TikTok has been given a 15-day extension, until November 27, to reach a deal to sell its US operations.
In a court filing on Friday the lawyer for ByteDance, which owns the popular video sharing app, said the Committee on Foreign Investment in the US had extended the deadline for a sale.
In August, US President Donald Trump ordered ByteDance to sell TikTok’s US business to an American owner.
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TikTok is seeking US government approval to sell a minority stake to Oracle and Walmart, hoping that will address the White House’s national security concerns. Washington believes data from the app’s users can be obtained by Beijing, an allegation the company has denied.
ByteDance requested a 30-day extension last week and said the government had not responded to its efforts to reach a compromise and avoid a forced sale.
On Thursday, the previous deadline, a federal appeals court in Washington granted an extension for TikTok and the US government to submit additional documents.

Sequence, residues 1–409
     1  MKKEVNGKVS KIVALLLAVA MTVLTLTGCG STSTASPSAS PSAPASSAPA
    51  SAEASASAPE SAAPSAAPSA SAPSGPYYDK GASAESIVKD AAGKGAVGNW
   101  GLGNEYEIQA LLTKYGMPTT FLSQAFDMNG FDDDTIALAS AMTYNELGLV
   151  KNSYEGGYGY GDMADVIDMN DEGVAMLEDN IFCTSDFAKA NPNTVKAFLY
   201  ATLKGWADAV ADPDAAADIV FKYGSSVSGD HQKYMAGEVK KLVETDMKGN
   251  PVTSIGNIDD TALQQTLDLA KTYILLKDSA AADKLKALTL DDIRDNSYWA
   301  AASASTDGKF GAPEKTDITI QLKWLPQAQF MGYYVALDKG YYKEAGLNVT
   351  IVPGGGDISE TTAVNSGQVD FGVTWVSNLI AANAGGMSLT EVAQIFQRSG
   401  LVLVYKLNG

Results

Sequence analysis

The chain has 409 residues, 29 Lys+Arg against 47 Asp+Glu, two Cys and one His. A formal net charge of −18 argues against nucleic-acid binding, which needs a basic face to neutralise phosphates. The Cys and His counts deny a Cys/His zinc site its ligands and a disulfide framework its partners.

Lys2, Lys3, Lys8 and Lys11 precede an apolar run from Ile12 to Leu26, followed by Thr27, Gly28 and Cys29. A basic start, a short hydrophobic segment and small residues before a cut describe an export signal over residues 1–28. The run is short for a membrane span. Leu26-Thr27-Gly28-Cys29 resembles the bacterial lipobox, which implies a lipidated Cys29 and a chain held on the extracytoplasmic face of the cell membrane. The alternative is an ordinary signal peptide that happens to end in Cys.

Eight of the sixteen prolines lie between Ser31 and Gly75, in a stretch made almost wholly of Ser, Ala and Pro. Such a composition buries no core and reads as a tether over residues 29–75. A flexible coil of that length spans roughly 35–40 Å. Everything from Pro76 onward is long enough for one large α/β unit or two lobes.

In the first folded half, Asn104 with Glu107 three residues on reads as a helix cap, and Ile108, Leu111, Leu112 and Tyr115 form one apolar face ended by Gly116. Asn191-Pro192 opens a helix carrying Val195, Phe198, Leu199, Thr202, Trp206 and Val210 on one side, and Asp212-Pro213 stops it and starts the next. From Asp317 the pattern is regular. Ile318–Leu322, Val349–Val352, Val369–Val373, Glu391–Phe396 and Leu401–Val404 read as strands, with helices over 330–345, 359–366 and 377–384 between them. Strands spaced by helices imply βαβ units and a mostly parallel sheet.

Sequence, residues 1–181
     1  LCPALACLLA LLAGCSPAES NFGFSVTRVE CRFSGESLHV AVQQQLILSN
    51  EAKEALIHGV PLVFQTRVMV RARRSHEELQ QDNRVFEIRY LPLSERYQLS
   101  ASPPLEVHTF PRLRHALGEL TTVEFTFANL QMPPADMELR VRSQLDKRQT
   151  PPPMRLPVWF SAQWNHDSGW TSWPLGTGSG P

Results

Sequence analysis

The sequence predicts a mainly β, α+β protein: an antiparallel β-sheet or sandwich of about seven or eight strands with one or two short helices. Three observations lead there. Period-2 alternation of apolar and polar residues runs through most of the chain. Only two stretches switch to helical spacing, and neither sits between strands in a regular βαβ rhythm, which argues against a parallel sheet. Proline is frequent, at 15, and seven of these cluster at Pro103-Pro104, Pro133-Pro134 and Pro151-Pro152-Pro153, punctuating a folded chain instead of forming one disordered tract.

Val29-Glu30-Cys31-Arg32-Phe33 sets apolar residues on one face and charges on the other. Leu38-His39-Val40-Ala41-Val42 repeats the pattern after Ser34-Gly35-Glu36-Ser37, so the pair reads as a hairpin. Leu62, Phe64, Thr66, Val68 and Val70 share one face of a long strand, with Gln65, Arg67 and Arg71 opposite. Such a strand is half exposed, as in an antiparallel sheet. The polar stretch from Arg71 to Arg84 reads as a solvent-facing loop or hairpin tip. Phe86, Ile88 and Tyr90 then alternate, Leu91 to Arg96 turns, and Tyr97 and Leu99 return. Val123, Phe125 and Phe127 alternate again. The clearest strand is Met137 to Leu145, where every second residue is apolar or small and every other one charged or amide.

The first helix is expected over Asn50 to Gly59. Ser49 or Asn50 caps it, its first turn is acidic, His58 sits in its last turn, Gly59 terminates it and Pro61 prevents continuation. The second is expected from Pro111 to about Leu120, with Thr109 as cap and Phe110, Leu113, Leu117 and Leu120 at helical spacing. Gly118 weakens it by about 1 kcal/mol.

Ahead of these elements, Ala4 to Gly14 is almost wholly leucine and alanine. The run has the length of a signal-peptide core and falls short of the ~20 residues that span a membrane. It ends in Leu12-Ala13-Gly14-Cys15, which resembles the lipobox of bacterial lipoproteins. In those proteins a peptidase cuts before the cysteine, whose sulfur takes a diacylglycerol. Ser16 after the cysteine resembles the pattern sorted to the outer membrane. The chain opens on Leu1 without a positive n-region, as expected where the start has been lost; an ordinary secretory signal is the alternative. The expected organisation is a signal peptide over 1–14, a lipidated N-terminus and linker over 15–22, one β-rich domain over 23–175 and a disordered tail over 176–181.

The Thursday deadline was linked to a broader set of restrictions that would have banned American service providers from doing business with TikTok.
The US commerce department said late on Thursday it was not going to enforce on the ban, citing pending litigation.
TikTok has been caught in the middle of the rising US-China tech tensions since this summer. Soon after Trump’s executive order in August, the commerce department proposed bans to take effect in two stages, blocking US downloads of the app and banning American firms from doing business with the company.
At least four lawsuits are attempting to overturn these bans.
Federal Judge Carl Nichols in Washington blocked the phase one restriction in September that would have stopped new downloads. In late October, Judge Wendy Beetlestone in Philadelphia prohibited the second-stage ban in a separate case filed by three TikTok users.
TikTok also filed a suit in mid-October asking Nichols to stop the phase two ban that was set to take effect on Thursday. On Tuesday, the company filed yet another lawsuit asking for a review of Trump’s forced-sale order after the administration became non-responsive to the company following the presidential election.
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